But although slaughtering horses for human consumption is still technically legal in most states, it is practically unfeasible. This is because for the past several years, Congress has put a rider on appropriations measures that prohibits the use of funds or user fees for inspection of horse meat meant for human consumption. In other words, the USDA will neither pay, nor accept payment for inspectors overseeing the processing of horse meat bound for human consumption. With no USDA inspection, no horse meat can be sold over state lines, unless it is for the far less lucrative zoo meat market. But processing zoo meat does not bring sufficient returns to justify the existence of a horse packing plant. By contrast, the product previously sold out of the Texas and Illinois plants was primarily destined for sale in Europe and Japan, where horse meat fetches a premium.

The Wyoming legislation circumvents the ban on USDA inspection of horse meat by authorizing the slaughter of unclaimed horses by state-inspected facilities. Wyoming, like many western states, has its own state-run meat inspection program. Processing facilities and horse meat would be inspected by the Wyoming Department of Agriculture, which has standards that meet or exceed those of the USDA. Although state inspection, as opposed to USDA inspection, precludes selling any horse meat over state lines, the Wyoming Board of Livestock would be free to sell horse meat for human consumption within the state, and to export meat for zoos to any state of its choosing.

Explains Sue Wallis, executive director of UOH, "There’s absolutely nothing preventing us from slaughtering a horse in Wyoming and using the meat in Wyoming after it’s been through a Wyoming-inspected slaughter plant."

The Wyoming legislation is revolutionary in that it allows the Wyoming Board of Livestock to take the expensive problem of horse overpopulation and use it as a resource for providing needy people with inexpensive, high-quality food. Although the board has no intention of using the slaughter option as either a primary or an ongoing means of horse control, the very presence of the option itself signals a shift in thinking about horses and their appropriate uses for humans.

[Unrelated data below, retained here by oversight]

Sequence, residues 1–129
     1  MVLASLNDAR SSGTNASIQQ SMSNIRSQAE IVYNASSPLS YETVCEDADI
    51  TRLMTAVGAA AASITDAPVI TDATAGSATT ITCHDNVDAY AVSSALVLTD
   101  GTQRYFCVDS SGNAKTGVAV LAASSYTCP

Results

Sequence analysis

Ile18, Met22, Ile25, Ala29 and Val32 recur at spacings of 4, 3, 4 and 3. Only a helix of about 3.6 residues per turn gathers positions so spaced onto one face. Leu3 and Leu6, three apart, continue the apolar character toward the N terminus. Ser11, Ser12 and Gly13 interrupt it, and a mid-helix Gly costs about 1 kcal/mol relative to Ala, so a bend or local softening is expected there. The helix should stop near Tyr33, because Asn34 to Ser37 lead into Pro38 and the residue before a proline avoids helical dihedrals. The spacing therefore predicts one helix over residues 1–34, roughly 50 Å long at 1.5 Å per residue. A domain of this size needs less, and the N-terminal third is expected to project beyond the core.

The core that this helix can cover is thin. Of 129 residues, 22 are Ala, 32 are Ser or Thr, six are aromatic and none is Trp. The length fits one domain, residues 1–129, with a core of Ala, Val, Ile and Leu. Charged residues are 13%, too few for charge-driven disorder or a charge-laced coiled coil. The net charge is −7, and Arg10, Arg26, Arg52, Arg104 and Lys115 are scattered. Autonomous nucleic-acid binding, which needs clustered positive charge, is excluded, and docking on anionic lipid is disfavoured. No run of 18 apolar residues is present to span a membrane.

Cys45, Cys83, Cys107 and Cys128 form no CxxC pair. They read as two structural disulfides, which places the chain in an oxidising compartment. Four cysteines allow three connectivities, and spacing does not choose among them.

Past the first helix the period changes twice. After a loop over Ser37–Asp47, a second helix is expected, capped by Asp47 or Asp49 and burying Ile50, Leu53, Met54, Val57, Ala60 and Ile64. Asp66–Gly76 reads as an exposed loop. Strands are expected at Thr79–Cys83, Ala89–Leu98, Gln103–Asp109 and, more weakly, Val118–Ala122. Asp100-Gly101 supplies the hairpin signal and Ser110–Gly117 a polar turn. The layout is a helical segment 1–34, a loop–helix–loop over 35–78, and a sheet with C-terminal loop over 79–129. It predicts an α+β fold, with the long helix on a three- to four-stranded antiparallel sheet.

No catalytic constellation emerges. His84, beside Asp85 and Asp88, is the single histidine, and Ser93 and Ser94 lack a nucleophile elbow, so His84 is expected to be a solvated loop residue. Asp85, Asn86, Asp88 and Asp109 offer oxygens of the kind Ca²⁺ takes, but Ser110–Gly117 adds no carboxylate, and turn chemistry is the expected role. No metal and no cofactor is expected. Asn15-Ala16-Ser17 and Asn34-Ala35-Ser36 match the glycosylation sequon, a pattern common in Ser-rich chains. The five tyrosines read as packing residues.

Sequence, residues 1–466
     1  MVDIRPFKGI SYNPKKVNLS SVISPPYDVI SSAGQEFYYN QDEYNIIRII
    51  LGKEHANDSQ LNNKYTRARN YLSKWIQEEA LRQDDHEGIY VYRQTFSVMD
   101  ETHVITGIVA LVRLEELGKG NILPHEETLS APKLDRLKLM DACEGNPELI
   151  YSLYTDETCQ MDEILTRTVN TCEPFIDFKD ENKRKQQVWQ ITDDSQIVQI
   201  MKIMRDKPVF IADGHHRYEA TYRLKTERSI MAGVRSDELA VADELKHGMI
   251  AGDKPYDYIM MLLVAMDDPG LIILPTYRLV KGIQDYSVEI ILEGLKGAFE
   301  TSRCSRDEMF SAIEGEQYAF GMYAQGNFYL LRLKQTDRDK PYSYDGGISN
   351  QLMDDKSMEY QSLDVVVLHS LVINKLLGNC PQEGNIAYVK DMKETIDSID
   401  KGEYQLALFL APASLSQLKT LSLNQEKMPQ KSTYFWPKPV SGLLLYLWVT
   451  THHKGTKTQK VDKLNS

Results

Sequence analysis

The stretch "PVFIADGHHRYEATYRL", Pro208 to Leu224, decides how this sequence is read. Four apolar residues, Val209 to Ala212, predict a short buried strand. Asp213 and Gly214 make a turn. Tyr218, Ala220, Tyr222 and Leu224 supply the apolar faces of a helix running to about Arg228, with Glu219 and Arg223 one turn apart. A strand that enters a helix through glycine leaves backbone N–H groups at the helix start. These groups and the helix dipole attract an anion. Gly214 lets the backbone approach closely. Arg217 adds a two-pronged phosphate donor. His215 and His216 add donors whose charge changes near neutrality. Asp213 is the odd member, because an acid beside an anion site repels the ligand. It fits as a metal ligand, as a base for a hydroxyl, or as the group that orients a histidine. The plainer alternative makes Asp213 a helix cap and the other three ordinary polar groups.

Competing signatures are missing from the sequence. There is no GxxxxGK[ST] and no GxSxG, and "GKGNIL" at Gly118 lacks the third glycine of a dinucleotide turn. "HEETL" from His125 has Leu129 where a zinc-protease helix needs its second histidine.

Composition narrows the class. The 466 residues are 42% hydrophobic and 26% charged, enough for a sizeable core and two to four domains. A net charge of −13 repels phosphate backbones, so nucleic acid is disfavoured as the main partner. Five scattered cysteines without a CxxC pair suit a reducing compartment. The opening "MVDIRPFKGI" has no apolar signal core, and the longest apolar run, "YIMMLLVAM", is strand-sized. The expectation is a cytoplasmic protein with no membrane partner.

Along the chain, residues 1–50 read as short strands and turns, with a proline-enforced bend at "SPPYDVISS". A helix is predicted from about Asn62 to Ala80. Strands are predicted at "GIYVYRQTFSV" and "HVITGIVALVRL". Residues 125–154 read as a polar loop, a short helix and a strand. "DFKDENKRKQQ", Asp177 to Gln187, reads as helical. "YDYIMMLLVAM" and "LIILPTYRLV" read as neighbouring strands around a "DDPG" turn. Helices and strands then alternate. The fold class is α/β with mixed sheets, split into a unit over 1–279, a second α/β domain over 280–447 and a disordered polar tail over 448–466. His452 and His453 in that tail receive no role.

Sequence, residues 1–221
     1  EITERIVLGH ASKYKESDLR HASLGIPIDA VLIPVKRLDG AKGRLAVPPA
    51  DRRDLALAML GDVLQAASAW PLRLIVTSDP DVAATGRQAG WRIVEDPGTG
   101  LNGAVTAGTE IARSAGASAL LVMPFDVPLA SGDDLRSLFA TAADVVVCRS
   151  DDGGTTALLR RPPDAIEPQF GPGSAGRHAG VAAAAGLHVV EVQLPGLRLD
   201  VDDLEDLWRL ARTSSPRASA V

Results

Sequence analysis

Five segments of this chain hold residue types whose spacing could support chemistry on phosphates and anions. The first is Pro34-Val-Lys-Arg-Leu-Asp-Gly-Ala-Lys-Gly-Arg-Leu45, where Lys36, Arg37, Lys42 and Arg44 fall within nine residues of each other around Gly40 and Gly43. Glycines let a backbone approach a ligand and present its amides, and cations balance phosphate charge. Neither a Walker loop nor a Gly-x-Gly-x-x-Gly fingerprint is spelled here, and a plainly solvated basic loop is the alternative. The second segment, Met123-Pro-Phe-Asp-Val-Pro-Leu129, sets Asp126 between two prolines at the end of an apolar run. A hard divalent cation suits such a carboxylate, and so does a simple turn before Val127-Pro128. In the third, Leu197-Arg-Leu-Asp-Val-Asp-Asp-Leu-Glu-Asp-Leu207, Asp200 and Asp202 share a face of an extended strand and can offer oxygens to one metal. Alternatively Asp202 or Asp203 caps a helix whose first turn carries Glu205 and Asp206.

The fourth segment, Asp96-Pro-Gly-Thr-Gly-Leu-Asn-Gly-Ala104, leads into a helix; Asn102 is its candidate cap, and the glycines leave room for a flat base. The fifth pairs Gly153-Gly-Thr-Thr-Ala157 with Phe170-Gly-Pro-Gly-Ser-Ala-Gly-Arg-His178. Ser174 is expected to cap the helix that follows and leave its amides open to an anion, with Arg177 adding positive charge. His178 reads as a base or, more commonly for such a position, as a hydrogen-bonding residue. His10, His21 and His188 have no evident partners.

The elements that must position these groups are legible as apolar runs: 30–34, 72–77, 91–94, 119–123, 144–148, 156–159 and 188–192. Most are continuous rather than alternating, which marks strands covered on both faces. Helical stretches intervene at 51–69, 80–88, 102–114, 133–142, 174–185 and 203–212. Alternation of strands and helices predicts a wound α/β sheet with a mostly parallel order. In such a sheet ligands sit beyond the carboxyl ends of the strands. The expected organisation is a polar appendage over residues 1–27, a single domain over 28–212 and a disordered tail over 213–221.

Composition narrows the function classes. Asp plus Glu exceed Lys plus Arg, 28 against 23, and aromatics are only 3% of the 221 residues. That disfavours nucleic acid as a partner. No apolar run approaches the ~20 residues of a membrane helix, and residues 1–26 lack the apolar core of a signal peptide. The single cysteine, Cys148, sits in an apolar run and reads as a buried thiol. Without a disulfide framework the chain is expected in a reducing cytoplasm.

And the forward-looking aspect of this experiment goes beyond a rethink of how to manage the horse issue. Parties involved with shaping the legislation also aim to develop a model for the humane processing of horses that will make the practice more widely acceptable to the public. UOH is coordinating a working group that includes state agencies, private meat processing businesses, nonprofit relief organizations, Dr. Temple Grandin, veterinarians and other experts to design a system for processing the horses, and for the efficient and practical use of valuable meat and byproducts. The product of this working group will be a pilot Equine Assurance Program which will serve as a example for other states to utilize to address animal welfare concerns, and ensure the humane handling, transportation,and processing of horses. It is also designed to address meat quality issues.

The new Wyoming legislation is an attempt, at least in part, to solve the horse overpopulation problem common in so many western states. Although there are no plans for the Board of Livestock’s slaughter option to be used regularly, what is unique about the Wyoming legislation is that it is based on the key assumption that horse slaughter is an acceptable, humane practice, and that horse meat can be a food source, not just for foreigners, but for Americans, as well. That assumption represents a profound shift in thinking, from conceiving of horses as pets and companions, to viewing them as livestock.

Sue Wallis anticipates that this shift will not be welcome in all quarters: "Of course there will be ... an uproar from the animal rights folks, and that’s to be expected. Their whole agenda is to shut down animal agriculture completely. They know that horses are the point of the spear because they can convince urban people that horses are like dogs and cats. There are zillions of people in this country who love horses. And those folks are easy to manipulate. ...What’s harder is to tell them the truth." — Andy Rieber, WLJ Correspondent